Isoprostane as a Biomarker of Oxidative Stress:
Isoprostane (8-iso-PGF2a) Serum, Tissue ELISA Kit
Oxidative stress is caused by an imbalance between the production of reactive oxygen species (ROS) and a biological system's ability to readily detoxify reactive intermediates or easily repair the resulting damage. Disturbances in the normal redox state of cells can cause toxic effects through the production of peroxides and free radicals that damage all components of the cell, including proteins, lipids and DNA.
In humans, oxidative stress is involved in many diseases, such as, atherosclerosis, Parkinson’s disease, Myocardial Infarction, Alzheimer’s disease and Chronic Fatigue syndrome. Oxidative stress is thought to be linked to certain cardiovascular diseases because oxidation of LDL in the vascular endothelium is a precursor to plaque formation.
Short-term oxidative stress may be beneficial in that ROS can trigger apoptosis and remove damaged cells from an organism. Reactive oxygen species can also be beneficial in the prevention of aging, they are used by the immune system as a way to attack and kill pathogens and ROS are also used in cell signaling processes (redox signaling).
One source of reactive oxygen under normal conditions in humans is the leakage of activated oxygen from mitochondria during oxidative phosphorylation. Other enzymes capable of producing superoxide are xanthine oxidase, NADPH oxidases and Cytochromes P450. Hydrogen peroxide is produced by a wide variety of enzymes including several oxidases. Disturbances in the normal redox state of cells can cause toxic effects through the production of peroxides and free radicals that damage all components of the cell, including DNA, lipids and proteins.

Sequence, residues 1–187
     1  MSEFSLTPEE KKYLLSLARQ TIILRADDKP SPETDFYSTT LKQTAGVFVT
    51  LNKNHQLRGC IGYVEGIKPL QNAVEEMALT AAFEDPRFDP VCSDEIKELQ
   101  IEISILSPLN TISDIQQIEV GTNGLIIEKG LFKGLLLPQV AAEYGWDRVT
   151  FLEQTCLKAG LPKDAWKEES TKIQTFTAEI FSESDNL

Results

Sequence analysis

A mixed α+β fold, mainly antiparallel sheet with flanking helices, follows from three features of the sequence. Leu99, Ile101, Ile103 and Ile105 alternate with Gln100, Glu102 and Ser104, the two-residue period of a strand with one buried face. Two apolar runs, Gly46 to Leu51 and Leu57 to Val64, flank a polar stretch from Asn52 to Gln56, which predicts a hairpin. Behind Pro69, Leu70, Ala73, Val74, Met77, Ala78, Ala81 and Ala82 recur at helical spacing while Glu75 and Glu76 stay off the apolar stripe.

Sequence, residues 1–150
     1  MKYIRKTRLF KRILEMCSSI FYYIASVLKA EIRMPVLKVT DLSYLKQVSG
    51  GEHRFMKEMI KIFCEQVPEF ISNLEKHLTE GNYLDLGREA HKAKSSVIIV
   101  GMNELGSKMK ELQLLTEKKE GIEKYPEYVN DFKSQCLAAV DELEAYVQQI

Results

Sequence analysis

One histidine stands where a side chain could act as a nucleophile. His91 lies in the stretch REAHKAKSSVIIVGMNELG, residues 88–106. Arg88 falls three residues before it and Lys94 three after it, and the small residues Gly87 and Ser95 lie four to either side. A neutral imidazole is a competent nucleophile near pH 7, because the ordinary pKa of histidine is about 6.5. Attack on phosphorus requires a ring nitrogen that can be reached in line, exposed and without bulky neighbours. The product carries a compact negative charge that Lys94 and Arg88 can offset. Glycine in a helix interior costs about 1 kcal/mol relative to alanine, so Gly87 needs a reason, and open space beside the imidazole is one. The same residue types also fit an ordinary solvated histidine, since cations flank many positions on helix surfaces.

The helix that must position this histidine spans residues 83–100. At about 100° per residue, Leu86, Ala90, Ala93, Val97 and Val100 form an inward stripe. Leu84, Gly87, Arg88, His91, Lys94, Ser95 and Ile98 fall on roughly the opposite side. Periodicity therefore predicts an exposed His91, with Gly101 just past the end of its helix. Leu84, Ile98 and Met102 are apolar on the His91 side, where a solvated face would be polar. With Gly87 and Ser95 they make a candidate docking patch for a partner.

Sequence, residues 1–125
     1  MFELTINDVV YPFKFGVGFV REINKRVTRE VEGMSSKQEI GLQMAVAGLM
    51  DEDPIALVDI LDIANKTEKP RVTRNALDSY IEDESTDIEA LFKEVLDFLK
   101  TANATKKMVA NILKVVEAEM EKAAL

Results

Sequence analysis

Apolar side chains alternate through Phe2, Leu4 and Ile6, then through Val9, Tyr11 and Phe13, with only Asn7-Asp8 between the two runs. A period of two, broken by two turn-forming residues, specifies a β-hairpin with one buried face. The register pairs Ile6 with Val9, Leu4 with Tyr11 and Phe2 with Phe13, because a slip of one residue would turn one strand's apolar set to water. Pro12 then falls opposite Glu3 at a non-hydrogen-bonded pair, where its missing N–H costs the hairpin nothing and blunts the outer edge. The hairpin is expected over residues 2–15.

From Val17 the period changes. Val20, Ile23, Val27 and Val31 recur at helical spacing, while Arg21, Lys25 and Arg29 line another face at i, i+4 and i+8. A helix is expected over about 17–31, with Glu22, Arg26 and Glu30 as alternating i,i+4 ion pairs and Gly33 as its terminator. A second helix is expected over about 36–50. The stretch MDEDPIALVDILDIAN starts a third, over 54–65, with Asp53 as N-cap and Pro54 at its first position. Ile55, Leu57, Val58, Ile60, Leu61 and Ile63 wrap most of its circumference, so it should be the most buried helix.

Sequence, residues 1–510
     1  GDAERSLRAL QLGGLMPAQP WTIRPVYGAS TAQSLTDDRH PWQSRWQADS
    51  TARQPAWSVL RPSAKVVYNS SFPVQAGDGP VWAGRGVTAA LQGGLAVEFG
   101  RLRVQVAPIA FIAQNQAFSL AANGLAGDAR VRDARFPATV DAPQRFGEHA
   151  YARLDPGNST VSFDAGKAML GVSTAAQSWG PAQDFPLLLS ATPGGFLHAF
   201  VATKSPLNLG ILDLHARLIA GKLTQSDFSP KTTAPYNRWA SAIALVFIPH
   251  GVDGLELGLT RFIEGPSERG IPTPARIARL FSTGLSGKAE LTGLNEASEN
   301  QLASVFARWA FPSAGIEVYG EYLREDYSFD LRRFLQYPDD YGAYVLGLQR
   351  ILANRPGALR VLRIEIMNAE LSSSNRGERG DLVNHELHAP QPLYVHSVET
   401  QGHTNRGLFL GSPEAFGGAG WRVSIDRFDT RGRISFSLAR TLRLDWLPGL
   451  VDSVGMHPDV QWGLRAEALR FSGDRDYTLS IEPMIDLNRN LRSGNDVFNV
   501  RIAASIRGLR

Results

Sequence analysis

Selected Oxidative Damage Biomarkers
1. DNA damage
8-OHdG is typically measured in both urine and serum/plasma samples. 8-OHdG is a hydroxyl radical-damaged guanine nucleotide that has been excised from DNA by endonuclease repair enzymes. Since repair is known to normally occur quickly and efficiently, the amount of excised DNA adducts in urine directly reflects the amount of damage within the entire body.
2. Lipid Damage
8-epi-PGF2a (F2-Isoprostane) is the free Radical catalyzed non-enzymatic oxidation product of arachidonic acid (5). Peroxidation of arachidonic acid occurs in cellular membranes and lipoproteins (i.e. LDL). The damaged lipid peroxide is excised from the cell wall into the serum and then excreted in urine. Unlike the reactive aldehydes, once isoprostanes are formed they are chemically stable and can be accurately measured in urine.
3. Protein Damage